Byzantium's Balkan Frontier: A Political Study of the Northern Balkans, 900-1204

Byzantium's Balkan Frontier: A Political Study of the Northern Balkans, 900-1204

Byzantium's Balkan Frontier: A Political Study of the Northern Balkans, 900-1204

Byzantium's Balkan Frontier: A Political Study of the Northern Balkans, 900-1204

Synopsis

This is a narrative political history of the northern Balkans in the period 900-1204. It treats the Balkans as the frontier of the Byzantine empire, and considers imperial relations with the peoples living in the Balkans, including the Serbs, Croats, Bulgarians and Hungarians. It also considers responses to invasions from beyond the frontier: by steppe nomads, from beyond the Danube, and by western powers through Hungary and across the Adriatic sea. The first four crusades, 1095-1204, are considered in some detail, and extensive use is made of archaeology.

Excerpt

This book began as a refinement of my doctoral dissertation which I defended at the University of Cambridge in April 1996. My thesis presents a distillation, in the form of four regional surveys, of the written and archaeological evidence pertaining to the Byzantine frontier in the northern Balkans in the period 971–1180. the refinement, I thought, should have a narrative structure, since no synthetic narrative political history of the northern Balkans exists in English for this period. I also decided to increase its chronological and geographical range to allow a cursory treatment of Bulgaria before the imposition of the 'Byzantine Yoke', and a fuller exploration of how the 'yoke' was cast off by Bulgarians, Vlachs, Serbs and others. in the end the refinement bears no resemblance whatever to the thesis. It takes as its central concern Byzantine responses, first to the migrations of nomadic peoples, and subsequently to the expansion of Latin Christendom. It also examines the changing conception of the frontier in Byzantine thought and literature through the Middle Byzantine Period.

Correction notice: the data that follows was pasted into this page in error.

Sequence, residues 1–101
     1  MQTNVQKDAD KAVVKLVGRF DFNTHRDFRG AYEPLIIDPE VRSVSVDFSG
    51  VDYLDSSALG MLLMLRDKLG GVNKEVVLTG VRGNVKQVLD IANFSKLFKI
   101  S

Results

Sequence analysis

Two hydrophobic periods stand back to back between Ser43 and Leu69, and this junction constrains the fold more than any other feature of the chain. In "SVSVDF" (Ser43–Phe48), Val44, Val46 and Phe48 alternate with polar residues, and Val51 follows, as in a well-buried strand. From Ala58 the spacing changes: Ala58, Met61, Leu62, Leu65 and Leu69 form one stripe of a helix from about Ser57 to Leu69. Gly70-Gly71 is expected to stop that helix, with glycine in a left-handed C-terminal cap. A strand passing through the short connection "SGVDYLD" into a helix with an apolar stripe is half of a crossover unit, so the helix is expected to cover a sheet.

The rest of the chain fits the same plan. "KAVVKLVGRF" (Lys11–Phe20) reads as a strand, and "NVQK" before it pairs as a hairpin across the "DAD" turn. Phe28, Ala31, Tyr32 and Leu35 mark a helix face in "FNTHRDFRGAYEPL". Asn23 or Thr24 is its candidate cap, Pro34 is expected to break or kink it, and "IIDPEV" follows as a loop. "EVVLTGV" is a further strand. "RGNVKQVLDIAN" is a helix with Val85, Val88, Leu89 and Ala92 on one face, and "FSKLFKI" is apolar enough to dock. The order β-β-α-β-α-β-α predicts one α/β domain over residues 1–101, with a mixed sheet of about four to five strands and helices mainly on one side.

In the course of writing the thesis and book I have enjoyed the support of a number of institutions. St John's College, Cambridge awarded me a Benefactors Scholarship and travel funds suffcient to take me around Turkey and the Balkans more than once. the British Academy funded my Ph. D. I was honoured to be appointed to a British Academy Postdoctoral Fellowship, and privileged to hold this at Keble College, Oxford. the Warden and Fellows of Keble have provided intellectual and other sustenance.

I have benefited from the instruction, advice and criticism of many friends and scholars. My greatest debt is to Jonathan Shepard, who supervised the thesis, read drafts of papers published separately and reworked for the book, read the book in two drafts, allowed me to make use of his forthcoming works, supplied me with offprints of his published papers, provided bibliographical information and assistance with tricky . . .

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